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College Station hospice agency seeks volunteers to comfort patients in last days

Posted at 7:37 PM, Apr 15, 2022
and last updated 2022-04-15 20:37:59-04

COLLEGE STATION, Texas — Whether it’s office work, watercolor painting, playing music or just reading a book, one local hospice care agency is asking the public to volunteer their talents to terminally diagnosed patients.

Brazos County resident Marie Hallford knew when she retired a few years ago that she wanted to spend her time volunteering and helping others. When she saw a call for volunteers with Allumine Health of College Station posted to the Nextdoor app, she just knew she had found where she was meant to be.

“A patient needed a volunteer, and I immediately got put with a patient whom I love dearly," she said. "I spend two days each week with him.”

Throughout the height of the pandemic, Hallford was only able to see her patient through a glass window. Now, as he is still living, she makes sure to stretch out her assigned one-hour visits to two hours, as often as she can. Many of this patient’s family live out of town, Hallford explained, and can’t always be with him as much as they'd like to.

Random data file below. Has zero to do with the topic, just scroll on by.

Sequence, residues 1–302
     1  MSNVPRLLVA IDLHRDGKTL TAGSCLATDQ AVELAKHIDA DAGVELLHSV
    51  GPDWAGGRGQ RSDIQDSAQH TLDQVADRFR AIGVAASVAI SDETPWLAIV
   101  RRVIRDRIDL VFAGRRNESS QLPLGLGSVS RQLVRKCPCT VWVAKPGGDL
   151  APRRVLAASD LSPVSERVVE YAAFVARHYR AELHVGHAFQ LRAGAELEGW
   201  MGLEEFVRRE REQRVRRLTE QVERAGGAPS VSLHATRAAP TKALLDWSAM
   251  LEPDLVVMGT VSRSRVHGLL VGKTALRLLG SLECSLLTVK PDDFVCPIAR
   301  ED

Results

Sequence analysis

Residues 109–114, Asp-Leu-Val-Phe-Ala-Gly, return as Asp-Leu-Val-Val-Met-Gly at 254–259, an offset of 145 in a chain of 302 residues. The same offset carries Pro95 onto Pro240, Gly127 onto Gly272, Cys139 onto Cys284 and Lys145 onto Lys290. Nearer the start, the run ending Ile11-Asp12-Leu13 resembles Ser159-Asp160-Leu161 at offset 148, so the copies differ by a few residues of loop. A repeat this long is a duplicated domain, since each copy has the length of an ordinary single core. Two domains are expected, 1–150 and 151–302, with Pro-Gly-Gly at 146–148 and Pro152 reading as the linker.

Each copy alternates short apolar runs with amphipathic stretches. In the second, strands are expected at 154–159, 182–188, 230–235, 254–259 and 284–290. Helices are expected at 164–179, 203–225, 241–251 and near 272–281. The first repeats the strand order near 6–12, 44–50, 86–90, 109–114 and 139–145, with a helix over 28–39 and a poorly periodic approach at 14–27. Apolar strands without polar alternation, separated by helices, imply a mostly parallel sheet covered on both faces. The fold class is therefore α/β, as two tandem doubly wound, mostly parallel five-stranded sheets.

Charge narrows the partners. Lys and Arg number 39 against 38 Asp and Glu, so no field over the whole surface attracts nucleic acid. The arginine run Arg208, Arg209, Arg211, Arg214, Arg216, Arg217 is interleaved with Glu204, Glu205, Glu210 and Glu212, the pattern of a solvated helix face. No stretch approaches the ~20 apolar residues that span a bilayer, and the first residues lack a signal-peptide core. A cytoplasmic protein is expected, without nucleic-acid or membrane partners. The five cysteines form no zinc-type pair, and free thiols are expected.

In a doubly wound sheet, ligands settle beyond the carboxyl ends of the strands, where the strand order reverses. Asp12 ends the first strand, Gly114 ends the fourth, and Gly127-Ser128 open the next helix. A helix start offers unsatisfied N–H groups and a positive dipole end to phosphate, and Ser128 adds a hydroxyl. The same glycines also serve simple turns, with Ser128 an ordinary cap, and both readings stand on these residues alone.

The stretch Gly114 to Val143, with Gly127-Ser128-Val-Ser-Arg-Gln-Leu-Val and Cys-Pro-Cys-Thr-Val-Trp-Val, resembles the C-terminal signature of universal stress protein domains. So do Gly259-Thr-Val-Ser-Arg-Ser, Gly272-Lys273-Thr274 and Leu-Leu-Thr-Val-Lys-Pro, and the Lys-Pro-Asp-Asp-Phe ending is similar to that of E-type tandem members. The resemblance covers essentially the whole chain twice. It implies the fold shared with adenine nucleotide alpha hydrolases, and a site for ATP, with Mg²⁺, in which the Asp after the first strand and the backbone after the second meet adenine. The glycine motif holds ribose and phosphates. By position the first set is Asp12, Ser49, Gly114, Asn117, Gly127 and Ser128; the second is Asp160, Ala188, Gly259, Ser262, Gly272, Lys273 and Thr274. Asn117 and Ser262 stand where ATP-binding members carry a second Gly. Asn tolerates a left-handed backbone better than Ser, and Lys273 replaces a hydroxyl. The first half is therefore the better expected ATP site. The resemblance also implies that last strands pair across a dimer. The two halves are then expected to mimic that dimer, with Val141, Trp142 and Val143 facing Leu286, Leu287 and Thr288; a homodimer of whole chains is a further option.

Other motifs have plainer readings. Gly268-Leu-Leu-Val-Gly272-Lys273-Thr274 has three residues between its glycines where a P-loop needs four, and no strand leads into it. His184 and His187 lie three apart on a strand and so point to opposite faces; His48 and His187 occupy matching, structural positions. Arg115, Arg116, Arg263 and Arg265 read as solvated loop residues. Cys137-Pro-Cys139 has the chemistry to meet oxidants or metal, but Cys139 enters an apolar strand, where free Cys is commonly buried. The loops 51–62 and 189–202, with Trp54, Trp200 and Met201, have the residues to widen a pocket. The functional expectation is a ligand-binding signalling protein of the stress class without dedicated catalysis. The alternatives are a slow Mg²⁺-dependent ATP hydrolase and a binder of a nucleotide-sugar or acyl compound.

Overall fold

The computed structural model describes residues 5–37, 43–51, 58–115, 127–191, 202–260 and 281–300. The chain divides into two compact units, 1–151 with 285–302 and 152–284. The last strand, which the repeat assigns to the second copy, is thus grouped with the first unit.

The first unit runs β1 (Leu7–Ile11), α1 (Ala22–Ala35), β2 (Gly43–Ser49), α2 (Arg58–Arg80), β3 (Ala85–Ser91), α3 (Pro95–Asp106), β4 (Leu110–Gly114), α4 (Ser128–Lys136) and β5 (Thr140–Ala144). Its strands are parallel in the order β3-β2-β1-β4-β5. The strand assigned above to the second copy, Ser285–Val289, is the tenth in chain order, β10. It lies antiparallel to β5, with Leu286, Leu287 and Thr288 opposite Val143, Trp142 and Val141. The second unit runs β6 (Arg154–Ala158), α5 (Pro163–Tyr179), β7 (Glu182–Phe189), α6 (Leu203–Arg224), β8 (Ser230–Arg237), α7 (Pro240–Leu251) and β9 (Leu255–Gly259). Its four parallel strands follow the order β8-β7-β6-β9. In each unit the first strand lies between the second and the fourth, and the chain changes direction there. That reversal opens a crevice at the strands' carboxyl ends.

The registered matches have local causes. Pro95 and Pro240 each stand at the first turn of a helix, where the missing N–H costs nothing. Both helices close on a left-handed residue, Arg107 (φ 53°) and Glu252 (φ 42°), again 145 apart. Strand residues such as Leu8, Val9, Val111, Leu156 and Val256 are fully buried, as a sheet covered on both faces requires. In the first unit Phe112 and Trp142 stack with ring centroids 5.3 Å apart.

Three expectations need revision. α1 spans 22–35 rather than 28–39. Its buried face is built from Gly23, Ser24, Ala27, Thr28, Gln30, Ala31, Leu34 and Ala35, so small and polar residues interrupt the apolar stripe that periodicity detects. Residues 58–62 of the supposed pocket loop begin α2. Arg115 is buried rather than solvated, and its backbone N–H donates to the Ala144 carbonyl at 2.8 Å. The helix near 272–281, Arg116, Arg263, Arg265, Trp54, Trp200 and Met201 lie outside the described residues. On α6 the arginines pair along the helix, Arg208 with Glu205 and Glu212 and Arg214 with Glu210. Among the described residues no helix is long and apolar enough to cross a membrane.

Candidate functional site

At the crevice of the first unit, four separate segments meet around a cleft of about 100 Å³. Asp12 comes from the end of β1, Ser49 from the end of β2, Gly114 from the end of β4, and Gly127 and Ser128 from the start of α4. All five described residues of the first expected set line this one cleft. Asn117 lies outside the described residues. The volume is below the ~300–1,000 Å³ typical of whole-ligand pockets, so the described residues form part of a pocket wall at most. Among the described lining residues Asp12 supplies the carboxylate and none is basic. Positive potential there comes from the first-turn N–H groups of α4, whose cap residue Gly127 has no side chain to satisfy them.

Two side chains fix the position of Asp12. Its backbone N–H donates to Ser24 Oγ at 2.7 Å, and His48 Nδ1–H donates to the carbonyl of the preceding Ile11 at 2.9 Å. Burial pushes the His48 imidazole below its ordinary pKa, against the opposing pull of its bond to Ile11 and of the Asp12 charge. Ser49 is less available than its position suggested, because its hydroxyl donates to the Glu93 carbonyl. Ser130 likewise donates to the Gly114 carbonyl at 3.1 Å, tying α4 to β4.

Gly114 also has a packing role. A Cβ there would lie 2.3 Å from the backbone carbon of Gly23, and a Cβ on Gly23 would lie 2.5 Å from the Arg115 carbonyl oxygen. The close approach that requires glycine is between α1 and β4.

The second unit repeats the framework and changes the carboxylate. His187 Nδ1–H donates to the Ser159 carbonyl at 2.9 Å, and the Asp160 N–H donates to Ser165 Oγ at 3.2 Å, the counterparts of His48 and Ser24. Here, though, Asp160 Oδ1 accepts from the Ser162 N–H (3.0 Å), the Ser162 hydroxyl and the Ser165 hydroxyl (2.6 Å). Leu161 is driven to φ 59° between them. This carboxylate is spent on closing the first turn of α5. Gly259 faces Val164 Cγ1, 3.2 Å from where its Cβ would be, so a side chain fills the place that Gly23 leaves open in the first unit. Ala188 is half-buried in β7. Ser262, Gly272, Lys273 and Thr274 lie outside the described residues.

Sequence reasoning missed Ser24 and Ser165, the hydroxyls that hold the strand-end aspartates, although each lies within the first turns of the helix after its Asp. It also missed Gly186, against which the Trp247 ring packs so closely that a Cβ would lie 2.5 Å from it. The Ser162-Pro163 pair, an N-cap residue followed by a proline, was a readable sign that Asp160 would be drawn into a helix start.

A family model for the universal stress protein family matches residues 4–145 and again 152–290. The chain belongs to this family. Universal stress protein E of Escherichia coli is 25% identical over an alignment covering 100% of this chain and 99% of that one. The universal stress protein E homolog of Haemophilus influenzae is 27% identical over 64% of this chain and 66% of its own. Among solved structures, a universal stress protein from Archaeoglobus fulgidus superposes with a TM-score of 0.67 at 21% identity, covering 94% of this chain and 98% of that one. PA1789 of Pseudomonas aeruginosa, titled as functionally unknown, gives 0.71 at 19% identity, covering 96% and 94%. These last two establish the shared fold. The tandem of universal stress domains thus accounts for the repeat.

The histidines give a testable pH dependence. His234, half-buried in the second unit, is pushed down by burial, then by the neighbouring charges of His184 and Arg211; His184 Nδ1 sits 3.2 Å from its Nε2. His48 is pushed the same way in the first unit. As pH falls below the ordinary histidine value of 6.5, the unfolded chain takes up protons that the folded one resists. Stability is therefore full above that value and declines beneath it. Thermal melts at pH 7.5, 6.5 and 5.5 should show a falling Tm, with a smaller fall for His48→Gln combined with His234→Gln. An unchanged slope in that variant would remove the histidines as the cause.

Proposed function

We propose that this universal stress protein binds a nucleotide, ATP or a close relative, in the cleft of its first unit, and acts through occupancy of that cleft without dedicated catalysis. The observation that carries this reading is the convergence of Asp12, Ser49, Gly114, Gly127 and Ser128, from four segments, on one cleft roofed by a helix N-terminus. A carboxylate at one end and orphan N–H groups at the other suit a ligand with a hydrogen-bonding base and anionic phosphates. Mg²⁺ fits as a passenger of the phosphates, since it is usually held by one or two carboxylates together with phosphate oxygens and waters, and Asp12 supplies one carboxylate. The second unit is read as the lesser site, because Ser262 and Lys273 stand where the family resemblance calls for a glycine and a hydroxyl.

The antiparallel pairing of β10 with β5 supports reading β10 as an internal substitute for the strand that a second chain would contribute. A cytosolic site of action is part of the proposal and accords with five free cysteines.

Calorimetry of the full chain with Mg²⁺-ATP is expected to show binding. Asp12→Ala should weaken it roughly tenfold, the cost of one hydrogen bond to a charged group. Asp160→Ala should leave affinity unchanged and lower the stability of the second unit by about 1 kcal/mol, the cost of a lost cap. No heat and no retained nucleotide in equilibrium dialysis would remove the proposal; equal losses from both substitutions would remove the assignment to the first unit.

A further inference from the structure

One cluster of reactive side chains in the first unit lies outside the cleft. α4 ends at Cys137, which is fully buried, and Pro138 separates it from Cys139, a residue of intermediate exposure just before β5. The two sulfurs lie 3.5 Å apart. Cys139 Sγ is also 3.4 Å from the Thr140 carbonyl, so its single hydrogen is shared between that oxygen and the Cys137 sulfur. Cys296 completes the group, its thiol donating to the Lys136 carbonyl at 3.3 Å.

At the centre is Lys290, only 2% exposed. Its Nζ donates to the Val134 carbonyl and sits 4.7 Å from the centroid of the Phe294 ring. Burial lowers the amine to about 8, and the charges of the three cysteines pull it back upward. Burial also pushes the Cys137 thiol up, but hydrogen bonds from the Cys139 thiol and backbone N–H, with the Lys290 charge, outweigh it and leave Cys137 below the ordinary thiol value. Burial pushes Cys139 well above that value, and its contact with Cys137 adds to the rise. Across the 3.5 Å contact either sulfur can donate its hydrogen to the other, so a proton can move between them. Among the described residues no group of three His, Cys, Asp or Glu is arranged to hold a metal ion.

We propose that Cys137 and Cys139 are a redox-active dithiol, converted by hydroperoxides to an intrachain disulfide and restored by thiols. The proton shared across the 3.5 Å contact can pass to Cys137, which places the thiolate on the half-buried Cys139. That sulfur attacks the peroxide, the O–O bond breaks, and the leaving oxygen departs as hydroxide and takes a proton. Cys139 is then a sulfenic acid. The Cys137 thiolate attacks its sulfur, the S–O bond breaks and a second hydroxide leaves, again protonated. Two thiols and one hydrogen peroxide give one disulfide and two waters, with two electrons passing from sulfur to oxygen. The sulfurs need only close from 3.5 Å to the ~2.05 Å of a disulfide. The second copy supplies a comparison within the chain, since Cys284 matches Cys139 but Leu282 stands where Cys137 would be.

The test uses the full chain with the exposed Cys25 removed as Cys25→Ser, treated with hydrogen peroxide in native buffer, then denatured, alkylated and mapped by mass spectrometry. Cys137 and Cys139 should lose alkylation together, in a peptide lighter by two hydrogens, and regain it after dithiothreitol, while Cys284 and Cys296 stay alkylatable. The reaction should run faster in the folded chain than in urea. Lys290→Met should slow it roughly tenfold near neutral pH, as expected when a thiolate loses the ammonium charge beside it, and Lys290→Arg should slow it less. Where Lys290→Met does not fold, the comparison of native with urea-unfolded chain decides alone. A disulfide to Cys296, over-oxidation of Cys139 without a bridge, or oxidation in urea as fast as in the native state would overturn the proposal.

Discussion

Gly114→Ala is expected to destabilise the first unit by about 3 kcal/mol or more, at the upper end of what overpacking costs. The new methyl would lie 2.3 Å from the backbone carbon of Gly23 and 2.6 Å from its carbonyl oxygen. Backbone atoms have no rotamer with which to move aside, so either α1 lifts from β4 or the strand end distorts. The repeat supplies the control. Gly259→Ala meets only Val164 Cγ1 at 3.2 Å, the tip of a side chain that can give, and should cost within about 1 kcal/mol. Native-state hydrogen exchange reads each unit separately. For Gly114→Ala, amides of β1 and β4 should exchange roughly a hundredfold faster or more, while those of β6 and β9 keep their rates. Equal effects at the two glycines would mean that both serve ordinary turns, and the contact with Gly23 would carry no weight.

“I read to him, we have a conversation, and we just spend time together," she said.

Allumine Health employs medical workers and counselors to treat most of a patient’s needs as they undergo hospice care at home or in nursing home facilities. But, the work that their volunteers do is something they need more of.

“We have two ways you can volunteer," shared Robin Olson, assistant volunteer coordinator with Allumine Health. "There’s the patient side, which involves patient visits. You’re matched with a patient when you sign up and go through orientation... Then there’s the administrative side, where we always need help filing, and doing patient binders.”

Volunteers, who range in age from college students to people in their eighties, are given regular training where they learn about the physical and psychological process of a person passing away. They can then comfort their patient with anything they have to offer – crafts, music, salon care, even handyman repair work. One volunteer was able to bring her dog to a visit, Hallford said.

For people like Hallford, the experience isn’t scary, but rather life-giving and rewarding.

“It does my heart good to be able to spend the time with [my patient]," she said. "... When the time comes, I'll miss him terribly. But I would not miss the time that we had together.”

Anyone interested in volunteering, visit alluminehealth.com for more information. To sign up, email: volunteer@alluminehealth.com or call: 979-229-5761.